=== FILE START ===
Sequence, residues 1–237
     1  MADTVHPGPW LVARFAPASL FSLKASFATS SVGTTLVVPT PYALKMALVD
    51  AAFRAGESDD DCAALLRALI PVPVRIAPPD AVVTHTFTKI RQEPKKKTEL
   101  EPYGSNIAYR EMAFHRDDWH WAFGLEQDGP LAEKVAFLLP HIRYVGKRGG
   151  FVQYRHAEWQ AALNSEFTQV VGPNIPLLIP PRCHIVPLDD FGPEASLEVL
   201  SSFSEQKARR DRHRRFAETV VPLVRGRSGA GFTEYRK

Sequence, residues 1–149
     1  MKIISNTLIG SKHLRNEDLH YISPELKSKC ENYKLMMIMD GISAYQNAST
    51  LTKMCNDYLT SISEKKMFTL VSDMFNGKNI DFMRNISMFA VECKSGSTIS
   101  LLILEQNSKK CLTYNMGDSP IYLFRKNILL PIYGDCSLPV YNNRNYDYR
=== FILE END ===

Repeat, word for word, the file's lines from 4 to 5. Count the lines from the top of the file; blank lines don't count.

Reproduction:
   101  EPYGSNIAYR EMAFHRDDWH WAFGLEQDGP LAEKVAFLLP HIRYVGKRGG
   151  FVQYRHAEWQ AALNSEFTQV VGPNIPLLIP PRCHIVPLDD FGPEASLEVL